Palazzo Albrizzi-Capello, Venice

Thanks to the hidden connections of ANIMA MUNDI, all the ecosystems of the Earth, before and after the appearance of mankind, found their equilibrium, their ways to live and to develop themselves, to transform and to evolve. 

Found Colours

For me the destiny of this collection is extraordinary and very personal because the collection consists of things - which I am - some of which are really in close connection to my earliest childhood. The first findings date back to approx. half of the fifties when I obviously did not have any idea of such a collection at all, but for instance our school cabinet here in Jicin had always fascinated me. Another big experience for me was my first visit to the National Museum collections in Prague. I was, as you can see, totally shocked with all of this. And all my childhood I was surrounded by classification keys in plants, animals and minerals - everything was somehow interconnected then and the system of various boxes and cases was being created. There were various things, from pebbles, beetles or plants to I dont know what else.
With the collection expanding, the possibilities of comparison also increased, and the endless coloured variety of the world which surrounds us was seen more and more increasingly.
Just like when you display various colour shades together for comparison: When you compare different languages that describe the shades, and as you think of roots connecting them, amazing richness is open for man. The richness of the sphere that starts to be discernible when man touches the world and tries to give it a word and understand it.
Can you see how dusty it is? How marvellous it is - from the brown thing which is mouldered - completely a sulphuric hue? So, we will see.
An old item number - an olivine rubble, the yellow is even fused with the relationship there. Now then, this is some pulverised soil from somewhere around the Tabor hill, a hill near the town of Jicin. Such brownish rosy tint - it must have been found somewhere in the Podkrkonosi submountain area, somewhere just off Cerny dul (the Black Valley) - some coarser and softer bits in there. I have sieved some of the specimens later and made into two separate parts - it is more like grit in one dish and a soft colour dust in the other; and it is interesting that two entirely different, considerably different hues are created as a result of only the simple division of one place.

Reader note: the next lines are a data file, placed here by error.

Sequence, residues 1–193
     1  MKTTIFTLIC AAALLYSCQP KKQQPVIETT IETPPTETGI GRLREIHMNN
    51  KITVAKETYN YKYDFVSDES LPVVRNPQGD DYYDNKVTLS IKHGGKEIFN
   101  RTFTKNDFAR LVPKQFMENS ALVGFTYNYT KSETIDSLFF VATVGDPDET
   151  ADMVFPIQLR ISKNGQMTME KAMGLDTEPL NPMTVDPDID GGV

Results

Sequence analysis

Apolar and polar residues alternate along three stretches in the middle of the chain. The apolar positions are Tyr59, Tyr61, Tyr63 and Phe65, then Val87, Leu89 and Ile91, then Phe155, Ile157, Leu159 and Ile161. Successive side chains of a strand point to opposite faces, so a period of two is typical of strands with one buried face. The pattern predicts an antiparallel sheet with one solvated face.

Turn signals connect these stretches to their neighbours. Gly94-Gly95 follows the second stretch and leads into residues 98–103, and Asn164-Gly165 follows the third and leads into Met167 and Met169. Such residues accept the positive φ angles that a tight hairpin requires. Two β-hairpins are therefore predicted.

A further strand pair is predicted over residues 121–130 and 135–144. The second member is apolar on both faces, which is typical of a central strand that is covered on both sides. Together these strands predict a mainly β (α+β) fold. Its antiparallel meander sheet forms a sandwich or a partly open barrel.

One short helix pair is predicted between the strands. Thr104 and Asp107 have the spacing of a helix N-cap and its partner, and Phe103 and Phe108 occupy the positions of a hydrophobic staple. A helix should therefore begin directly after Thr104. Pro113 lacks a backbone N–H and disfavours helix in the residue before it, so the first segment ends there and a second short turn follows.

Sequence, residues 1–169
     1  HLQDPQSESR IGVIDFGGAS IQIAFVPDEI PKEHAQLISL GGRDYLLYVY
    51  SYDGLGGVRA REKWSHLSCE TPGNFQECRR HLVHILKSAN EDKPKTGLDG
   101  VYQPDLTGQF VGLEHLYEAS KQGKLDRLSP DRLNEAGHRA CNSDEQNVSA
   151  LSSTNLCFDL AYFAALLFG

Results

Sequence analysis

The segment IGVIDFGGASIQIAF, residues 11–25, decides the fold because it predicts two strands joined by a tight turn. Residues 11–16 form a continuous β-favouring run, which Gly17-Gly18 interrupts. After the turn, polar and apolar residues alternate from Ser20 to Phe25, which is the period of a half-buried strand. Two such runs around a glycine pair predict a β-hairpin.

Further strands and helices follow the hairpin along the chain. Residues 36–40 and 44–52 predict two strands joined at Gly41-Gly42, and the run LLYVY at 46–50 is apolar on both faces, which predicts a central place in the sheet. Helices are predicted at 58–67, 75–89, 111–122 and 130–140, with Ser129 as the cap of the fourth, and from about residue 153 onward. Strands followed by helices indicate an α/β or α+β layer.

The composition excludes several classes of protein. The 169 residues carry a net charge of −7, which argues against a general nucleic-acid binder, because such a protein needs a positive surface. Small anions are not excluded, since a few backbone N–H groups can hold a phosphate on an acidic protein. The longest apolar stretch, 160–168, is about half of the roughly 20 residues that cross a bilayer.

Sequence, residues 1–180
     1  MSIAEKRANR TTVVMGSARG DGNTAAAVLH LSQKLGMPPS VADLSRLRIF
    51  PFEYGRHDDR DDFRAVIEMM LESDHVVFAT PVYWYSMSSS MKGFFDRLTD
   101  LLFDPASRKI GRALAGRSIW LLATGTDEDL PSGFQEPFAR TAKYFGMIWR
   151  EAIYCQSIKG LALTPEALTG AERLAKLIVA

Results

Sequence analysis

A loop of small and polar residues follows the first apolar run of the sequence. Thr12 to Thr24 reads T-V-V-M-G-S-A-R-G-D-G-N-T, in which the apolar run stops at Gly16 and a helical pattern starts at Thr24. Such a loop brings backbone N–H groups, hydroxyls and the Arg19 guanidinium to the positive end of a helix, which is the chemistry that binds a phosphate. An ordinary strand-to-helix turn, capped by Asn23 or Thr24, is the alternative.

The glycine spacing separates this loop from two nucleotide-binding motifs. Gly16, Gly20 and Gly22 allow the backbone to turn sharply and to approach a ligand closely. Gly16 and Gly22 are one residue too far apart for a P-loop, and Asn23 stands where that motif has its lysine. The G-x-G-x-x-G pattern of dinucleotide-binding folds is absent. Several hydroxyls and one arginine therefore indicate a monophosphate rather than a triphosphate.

Specimens of plant origin are of entirely different character, as you know. Well, here are the marigold petals; and once again these can be crushed and dust can be made of them. And the dust, the yellowish hue, is again totally different from the hue of the original specimen. The great richness lies in the alchemy of procession, further procession of the place. And this also is included in the collection, or an assorted set.
Such is my daybook, but at the some time it is something which goes beyond the common form of a daybook. The strange fact is that a classical daybook is really a book. The colour collection as is here, when unfolded, makes a sort of a field of places. The pages are next to each other and their relationships can be infinitely variegated. And I am also very much interested in such possibility. How different times and different places merge - could be in one place, when I decide to present my collection.


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Miloš Šejn | Českých Bratří 312 | CZ-50601 Jičín | T +420 723 701 658 | milos [at-sign]

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